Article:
Well, it all depends on your point of view.
When we talk about NAT in IPv4, we traditionally talk about “real” and “fake”, public and private, routeable and non-routable addresses because we are translating for the purpose of conserving addresses. So there is a meaning to these terms. However, NAT in a more general sense is a translation from one IP address range to another, regardless of whether the addresses are private, public, routable or not. You could translate from 10.10.10.0/24 to 172.16.0.0/24 for example. In such a case, which is fake and which is real? It depends on your point of view.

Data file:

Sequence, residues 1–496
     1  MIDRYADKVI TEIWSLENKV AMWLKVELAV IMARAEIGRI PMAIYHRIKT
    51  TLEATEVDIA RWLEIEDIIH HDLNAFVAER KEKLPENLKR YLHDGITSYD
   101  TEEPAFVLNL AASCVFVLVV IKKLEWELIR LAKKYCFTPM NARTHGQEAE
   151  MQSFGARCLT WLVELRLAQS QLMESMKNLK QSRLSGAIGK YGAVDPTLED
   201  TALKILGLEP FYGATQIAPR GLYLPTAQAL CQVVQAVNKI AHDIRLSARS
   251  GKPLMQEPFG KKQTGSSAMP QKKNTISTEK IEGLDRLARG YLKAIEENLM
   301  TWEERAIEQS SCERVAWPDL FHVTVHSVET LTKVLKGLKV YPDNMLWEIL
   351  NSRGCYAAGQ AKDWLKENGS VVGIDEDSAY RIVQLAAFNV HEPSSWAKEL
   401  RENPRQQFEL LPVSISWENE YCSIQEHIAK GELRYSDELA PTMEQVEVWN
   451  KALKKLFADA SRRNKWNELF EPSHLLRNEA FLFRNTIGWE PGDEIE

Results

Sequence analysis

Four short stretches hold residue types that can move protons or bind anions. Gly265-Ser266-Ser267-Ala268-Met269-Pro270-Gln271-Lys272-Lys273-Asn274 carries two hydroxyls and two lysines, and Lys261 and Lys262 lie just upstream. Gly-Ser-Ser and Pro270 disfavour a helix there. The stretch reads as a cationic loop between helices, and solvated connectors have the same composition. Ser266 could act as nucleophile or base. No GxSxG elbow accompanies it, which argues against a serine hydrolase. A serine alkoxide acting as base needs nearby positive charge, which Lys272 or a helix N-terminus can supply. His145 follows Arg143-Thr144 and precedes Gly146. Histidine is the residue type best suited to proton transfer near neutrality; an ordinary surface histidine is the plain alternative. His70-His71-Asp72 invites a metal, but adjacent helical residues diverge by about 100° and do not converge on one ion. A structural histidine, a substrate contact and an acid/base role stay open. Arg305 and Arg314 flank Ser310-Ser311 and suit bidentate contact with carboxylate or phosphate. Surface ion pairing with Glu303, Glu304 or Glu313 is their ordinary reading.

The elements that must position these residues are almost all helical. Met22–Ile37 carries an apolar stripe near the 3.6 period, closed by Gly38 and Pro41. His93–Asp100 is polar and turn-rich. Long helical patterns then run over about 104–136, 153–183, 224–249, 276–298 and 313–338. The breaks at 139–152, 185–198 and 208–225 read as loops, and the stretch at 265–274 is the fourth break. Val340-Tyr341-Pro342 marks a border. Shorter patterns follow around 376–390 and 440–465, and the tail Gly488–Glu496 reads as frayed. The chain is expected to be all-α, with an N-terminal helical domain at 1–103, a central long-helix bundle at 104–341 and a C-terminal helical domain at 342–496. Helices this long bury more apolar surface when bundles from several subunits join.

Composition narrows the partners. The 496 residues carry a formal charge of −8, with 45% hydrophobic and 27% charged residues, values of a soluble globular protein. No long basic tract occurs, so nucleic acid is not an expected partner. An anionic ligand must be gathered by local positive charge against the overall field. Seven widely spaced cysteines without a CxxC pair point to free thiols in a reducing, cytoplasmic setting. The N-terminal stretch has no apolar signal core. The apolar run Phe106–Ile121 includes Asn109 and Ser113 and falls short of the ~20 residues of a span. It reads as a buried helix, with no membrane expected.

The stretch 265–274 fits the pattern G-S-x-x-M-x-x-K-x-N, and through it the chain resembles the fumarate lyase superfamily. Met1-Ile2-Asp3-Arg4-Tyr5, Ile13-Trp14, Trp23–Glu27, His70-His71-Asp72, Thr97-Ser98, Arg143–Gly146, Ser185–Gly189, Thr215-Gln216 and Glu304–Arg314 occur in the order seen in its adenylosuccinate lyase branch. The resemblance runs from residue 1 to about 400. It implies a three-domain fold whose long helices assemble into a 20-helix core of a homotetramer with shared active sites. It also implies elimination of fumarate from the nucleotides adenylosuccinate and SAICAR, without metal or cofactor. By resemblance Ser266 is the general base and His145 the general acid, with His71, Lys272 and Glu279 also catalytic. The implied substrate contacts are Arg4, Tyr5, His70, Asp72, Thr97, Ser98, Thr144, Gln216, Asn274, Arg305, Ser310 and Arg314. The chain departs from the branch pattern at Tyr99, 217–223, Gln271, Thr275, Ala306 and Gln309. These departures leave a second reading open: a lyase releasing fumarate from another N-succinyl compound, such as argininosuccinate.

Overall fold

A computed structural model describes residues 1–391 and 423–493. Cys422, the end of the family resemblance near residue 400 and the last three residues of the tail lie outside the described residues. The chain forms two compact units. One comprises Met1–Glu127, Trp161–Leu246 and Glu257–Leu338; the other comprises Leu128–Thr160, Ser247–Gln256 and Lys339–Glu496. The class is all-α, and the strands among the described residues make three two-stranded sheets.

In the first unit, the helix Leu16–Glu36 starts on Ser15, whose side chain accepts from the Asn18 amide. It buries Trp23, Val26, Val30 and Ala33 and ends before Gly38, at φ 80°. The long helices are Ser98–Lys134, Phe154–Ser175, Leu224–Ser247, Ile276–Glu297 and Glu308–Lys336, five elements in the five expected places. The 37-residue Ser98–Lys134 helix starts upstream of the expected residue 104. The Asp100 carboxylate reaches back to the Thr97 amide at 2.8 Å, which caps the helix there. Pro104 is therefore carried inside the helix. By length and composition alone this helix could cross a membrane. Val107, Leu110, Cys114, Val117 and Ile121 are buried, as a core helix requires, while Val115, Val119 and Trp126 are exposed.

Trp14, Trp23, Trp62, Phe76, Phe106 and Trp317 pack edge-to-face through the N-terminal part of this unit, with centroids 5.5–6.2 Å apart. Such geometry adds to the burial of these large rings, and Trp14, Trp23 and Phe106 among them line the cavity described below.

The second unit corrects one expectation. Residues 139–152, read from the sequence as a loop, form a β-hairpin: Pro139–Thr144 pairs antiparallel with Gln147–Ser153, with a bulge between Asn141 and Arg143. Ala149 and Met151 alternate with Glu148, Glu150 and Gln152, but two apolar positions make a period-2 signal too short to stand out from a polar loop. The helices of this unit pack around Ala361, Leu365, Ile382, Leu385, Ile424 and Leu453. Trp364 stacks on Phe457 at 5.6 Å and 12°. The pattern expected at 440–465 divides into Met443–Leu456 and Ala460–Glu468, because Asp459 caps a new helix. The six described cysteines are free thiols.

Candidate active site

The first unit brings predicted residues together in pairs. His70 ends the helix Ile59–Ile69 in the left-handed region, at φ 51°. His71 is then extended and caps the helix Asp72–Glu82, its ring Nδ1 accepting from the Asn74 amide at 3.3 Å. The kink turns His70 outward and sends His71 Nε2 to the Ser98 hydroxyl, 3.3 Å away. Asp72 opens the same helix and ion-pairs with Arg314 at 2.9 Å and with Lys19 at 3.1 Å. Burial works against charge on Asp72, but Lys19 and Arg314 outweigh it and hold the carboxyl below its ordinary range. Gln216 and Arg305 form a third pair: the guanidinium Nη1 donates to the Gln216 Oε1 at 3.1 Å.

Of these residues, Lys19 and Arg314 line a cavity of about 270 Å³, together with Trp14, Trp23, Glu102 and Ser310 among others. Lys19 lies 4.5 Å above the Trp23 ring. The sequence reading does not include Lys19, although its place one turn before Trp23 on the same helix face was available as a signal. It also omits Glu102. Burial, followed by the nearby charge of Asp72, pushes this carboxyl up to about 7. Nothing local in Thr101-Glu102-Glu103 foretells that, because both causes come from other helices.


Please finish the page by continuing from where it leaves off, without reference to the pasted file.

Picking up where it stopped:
When we apply this to NAT64, what we are doing is translating between address spaces of two different protocols. Which is real or which is fake depends on the application, on which side of the NAT64 router is facing the Internet and which is not (maybe neither is facing the Internet).
So if we use the conventions of the terminology, then yes, you are correct, the IPv6 address will be fake and the IPv4 will be real. But looking at it in a broader sense, it just becomes a translation in the opposite direction.
I hope this has been helpful!